SINGAPORE: Increased maintenance efforts on the Bukit Panjang LRT (BPLRT) are bearing fruit, with reliability on the line doubling over the last four years.
Between October last year and September this year, figures from the Land Transport Authority showed the 20-year-old light rail line clocked 64,000km between delays of more than five minutes.
This was due to enhanced maintenance works by rail operator SMRT, Minister for Transport Khaw Boon Wan said on Tuesday (Dec 3) during a visit to the Bukit Panjang LRT Depot.
This was up from 33,000km between such delays in 2015, when he first took over the helm of the Transport Ministry.
"Not bad, but can be much better," said Mr Khaw, who is also the Coordinating Minister for Infrastructure.
In contrast, Singapore's other light rail line, the Sengkang-Punggol LRT - which is operated by SBS Transit - hit 340,000km between delays across the same period.
The beleaguered BPLRT has been hit by a number of disruptions since it first opened in 1999.
In January 2018, service was disrupted for five hours after a piece of trackside equipment was damaged by a train.
In his speech, Mr Khaw said he had to defend the reliability of the BPLRT early on in his political career, when he was the Senior Minister of State for Transport.
"The MPs were not too convinced," he recalled.
In 2017, Mr Khaw had himself compared riding on the LRT to a "roller-coaster".
He added he was determined to address the problems facing the BPLRT "decisively" when he became Transport Minister four years ago.
The approach taken was to completely renew the LRT line, he said.
READ: Five-hour disruption on Bukit Panjang LRT line due to broken rail support brackets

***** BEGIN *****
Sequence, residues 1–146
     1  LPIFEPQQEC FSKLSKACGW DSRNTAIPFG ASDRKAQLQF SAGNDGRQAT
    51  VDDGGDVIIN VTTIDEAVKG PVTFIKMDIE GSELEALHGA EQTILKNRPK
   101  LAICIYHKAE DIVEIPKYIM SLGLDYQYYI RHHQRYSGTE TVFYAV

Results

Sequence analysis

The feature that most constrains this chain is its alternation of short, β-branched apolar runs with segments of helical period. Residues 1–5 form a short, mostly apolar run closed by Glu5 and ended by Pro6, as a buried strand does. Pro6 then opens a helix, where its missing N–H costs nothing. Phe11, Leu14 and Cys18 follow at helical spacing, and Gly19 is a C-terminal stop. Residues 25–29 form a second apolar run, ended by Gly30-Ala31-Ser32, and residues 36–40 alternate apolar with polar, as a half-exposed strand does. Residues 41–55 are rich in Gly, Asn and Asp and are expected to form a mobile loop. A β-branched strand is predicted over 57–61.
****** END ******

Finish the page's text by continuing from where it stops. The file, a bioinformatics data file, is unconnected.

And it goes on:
Last year, Canadian firm Bombardier - the original supplier for the BPLRT - was awarded a S$344 million contract to renew the ageing line, including the replacement of existing signalling system with a new communications-based train control signalling system and the replacement of 19 light rapid vehicles.
These vehicles will be delivered by the third quarter of next year, and will be tested before being progressively introduced beginning in 2021.
The new signalling system is expected to be ready by 2022, with the new power rail system in place the following year.
These renewal works are on track to be fully completed by 2024, and allow the BPLRT to close the reliability gap with the Sengkang-Punggol LRT line, said Mr Khaw.
Separately from Bombardier's efforts, SMRT has introduced its own initiatives to improve reliability on the BPLRT.
These include the replacement of 34 sets of switch rails - which guide the direction of the light rail vehicles - reducing the likelihood of power trips.
The SMRT maintenance team also designed a workaround that prevented collector shoes - which connect the light rail vehicles to the power rails - from dislodging, which caused a number of power trips and disruptions to LRT services in the past.
Extended engineering hours resting from the closure of the lines as well as late openings on certain weekends allowed for a more intensive maintenance regimen, SMRT said.